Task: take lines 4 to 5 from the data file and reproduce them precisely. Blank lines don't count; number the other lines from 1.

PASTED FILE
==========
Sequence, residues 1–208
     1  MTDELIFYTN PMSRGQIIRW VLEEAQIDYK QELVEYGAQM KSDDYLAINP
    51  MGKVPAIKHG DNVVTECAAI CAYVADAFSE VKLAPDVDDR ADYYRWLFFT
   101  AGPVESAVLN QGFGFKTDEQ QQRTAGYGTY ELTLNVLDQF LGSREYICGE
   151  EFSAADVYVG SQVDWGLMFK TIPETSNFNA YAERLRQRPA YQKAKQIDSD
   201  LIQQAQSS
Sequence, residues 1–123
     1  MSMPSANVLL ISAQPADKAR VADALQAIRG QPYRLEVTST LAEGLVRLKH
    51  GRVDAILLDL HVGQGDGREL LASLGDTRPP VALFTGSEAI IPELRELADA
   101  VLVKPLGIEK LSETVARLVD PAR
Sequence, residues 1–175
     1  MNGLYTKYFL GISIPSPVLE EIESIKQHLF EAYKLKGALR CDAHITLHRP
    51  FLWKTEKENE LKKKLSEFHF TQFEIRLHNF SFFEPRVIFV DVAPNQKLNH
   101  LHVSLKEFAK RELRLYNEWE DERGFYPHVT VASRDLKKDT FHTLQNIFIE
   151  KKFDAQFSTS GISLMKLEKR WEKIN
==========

   101  AGPVESAVLN QGFGFKTDEQ QQRTAGYGTY ELTLNVLDQF LGSREYICGE
   151  EFSAADVYVG SQVDWGLMFK TIPETSNFNA YAERLRQRPA YQKAKQIDSD